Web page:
Well, anorexia does have a psychological component; however, anorexia is more of a cyclical problem. The pattern is started by you, more often than not, by the belief that oneself is overweight, whether that is true or not. This leads to dieting which in turn lead to eating less and less food. Now because you are eating less, fatty meals begin to make you sick because you are not used to it. Then you begin to associate the sick stomachs with the big, high-fat meals. After a while, those types of meals can even make you throw up. At that point, figuratively speaking, there is very little going into your river even though the same amount is coming out. So to answer your question, social pressures do start you on the path of anorexia, but there is a whole lot more that goes into it.

Tyra asked: “I don’t eat because every time I do, I just feel sick! Do you know why this is?”

As stated in the above question, you become sick because you have begun to associate food with sickness. You are eating less now; therefore, when you eat big meals you become sick. As the process progresses you begin to associate food with sickness.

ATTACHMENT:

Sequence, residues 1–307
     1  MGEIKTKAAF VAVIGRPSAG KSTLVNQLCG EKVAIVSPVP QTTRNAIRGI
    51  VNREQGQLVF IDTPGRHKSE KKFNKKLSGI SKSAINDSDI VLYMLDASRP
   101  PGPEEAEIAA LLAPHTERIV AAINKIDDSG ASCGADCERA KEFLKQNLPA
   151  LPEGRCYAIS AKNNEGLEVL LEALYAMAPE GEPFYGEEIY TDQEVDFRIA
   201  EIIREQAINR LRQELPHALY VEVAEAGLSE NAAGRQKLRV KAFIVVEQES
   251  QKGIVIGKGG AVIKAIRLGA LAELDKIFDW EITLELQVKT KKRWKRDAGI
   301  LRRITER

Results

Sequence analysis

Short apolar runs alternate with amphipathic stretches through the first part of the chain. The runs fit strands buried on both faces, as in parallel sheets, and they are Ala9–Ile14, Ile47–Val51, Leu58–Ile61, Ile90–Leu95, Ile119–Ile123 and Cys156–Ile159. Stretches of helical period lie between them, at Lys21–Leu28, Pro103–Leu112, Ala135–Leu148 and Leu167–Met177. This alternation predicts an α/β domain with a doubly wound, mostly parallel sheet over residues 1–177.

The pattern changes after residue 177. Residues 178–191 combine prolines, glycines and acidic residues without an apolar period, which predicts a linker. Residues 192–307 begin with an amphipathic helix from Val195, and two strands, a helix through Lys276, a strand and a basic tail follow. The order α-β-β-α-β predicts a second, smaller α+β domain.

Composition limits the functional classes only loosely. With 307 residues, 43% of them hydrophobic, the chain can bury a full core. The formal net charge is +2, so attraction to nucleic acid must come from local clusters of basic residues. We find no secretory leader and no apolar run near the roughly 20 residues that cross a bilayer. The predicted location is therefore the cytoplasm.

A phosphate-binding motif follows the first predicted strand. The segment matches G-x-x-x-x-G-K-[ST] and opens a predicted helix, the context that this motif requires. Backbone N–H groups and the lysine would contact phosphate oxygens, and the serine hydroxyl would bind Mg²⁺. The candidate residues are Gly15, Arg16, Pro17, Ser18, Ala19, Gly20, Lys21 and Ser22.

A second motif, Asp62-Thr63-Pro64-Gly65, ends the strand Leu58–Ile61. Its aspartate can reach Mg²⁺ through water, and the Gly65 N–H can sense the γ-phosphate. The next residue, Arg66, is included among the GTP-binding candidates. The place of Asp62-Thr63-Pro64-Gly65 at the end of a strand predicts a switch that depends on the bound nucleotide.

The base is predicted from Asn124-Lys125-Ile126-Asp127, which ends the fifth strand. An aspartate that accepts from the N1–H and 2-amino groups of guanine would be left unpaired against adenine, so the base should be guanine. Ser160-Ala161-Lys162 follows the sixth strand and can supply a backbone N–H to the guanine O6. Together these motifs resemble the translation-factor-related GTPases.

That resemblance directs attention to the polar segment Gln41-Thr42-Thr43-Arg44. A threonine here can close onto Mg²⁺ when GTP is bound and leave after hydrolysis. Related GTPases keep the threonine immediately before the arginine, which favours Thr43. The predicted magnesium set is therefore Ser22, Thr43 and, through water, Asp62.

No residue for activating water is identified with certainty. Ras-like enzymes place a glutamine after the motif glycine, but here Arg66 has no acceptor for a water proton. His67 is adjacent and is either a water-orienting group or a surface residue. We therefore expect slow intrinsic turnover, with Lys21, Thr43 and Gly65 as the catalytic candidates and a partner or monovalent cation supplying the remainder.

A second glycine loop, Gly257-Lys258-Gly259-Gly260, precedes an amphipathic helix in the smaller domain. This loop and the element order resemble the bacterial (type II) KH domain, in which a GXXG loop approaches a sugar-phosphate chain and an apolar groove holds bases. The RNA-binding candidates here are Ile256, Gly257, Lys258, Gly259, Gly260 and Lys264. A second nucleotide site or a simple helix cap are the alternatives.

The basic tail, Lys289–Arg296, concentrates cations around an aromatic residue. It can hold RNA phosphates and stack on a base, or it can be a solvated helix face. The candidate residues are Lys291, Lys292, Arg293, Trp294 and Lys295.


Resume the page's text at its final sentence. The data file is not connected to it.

In conclusion, human metabolism is better understood in the context of a river rather than a lake. According to this belief, in order to change the level of the river both the intake and expenditure of water need to change. It is also important to realize that both obesity and anorexia is a product of the complex interaction of genetics and our environment, rather than one or the other.

References

Lewis, J.E. (n.d.). Retrieved June 18, 2008, from Quoteland Web site: http://www.quoteland.com/author.asp?AUTHOR_ID=2137

Pinel, J. P. J. (2007). Basics of biopsychology. Boston, MA: Allyn and Bacon.